• 17. Content management User experience Analytics Migration Next steps  Owner(s)  Last reviewed  Last modified  Template  Call to action  Enquiry opp.  Target user  Condition/Quality  Style  Page views  Absolute unique visitors  Bounce rate  Duplicate  Required  Action  Note  Assigned to  Due  If you are clever with Google Analytics, you can automate this bit too!  Use a custom report to export the data you want to Excel, sort it by URL and paste in the column
  • 18.  The most important column in your sheet Content management User experience Analytics Migration Next steps  Owner(s)  Last reviewed  Last modified  Template  Call to action  Enquiry opp.  Target user  Condition/Quality  Style  Page views  Absolute unique visitors  Bounce rate  Duplicate  Required  Action  Note  Assigned to  Due
  • 19.  Do you have any content with no target users? Why is it there?  Which content is infrequently updated? Why? What will you do to fix it?  Do you have content that is in poor condition:  Badly written?  Overly verbose?  Badly laid out?  Off brand?  Carry out a top tasks analysis – do you have content for your top tasks?  What are your strategic objectives – do you have content for those?  Are you well set up for SEO?  ...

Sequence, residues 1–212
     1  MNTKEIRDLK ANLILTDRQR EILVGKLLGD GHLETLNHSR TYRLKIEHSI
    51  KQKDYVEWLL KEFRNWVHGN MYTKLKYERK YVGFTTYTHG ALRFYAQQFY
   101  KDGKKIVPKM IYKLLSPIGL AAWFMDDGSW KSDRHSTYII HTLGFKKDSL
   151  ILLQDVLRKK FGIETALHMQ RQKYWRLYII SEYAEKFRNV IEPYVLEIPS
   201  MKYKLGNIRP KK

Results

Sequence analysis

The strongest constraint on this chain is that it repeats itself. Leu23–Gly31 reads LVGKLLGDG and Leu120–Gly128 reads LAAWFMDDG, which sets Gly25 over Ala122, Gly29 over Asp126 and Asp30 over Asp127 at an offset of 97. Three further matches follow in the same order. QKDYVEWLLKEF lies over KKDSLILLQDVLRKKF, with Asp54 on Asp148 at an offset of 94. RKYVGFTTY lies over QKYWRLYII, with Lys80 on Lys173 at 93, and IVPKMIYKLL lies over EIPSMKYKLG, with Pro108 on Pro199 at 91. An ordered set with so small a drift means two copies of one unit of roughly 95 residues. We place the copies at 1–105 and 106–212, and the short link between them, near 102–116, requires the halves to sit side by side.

• 20. Formula Notes =SEARCH("/",A3,21)  Returns the position of the first slash in the URL  In column B in a table column called “Postn of 1st /”  21 is the position of the last character of our shortest domain., edit for your site =IFERROR(SEARCH("/",[Address],([Postn of 1st /]+1)),"")  Returns position of 2nd /. Returns blank if there is no 2nd slash.  In column C in a table column called “Postn of 2nd /” =IFERROR(SEARCH("/",[Address],([Postn of 2nd /]+1)),"")  Returns position of 3rd /. Returns blank if there is no 3rd slash.  In column D in a table column called “Postn of 3rd /”  Repeat for each part of your URL =IFERROR(MID([@Address],([@[Postn of 1st /]]+1),([@[Postn of 2nd /]]-[@[Postn of 1st /]]-1)),"!Root")  Shows directories at Level 1 of your site  Returns text between the first and second slashes (between “Postn of 1st /” and “Postn of 2nd /”)  Returns “!Root” when there is no second slash (the “!” keeps root at the top when sorting =IFERROR(MID([@Address],([@[Postn of 2nd /]]+1),([@[Postn of 3rd /]]-[@[Postn of 2nd /]]-1)),"")  Shows directories at Level 2 of your site  Returns text between the second and third slashes . Returns blank when there is no third slash  Repeat for each part of your URL =COUNTIF(HTMLPages[Level 1],[@Folder])  Use this for pie charts showing how your content is distributed.  HTMLPages is the name of the table you insert on the HTML sheet of your spreadsheet.  Level 1 is the level 1 column on the HTML sheet.  Folder is the first column on the sheet you are adding the chart to (see slide 17)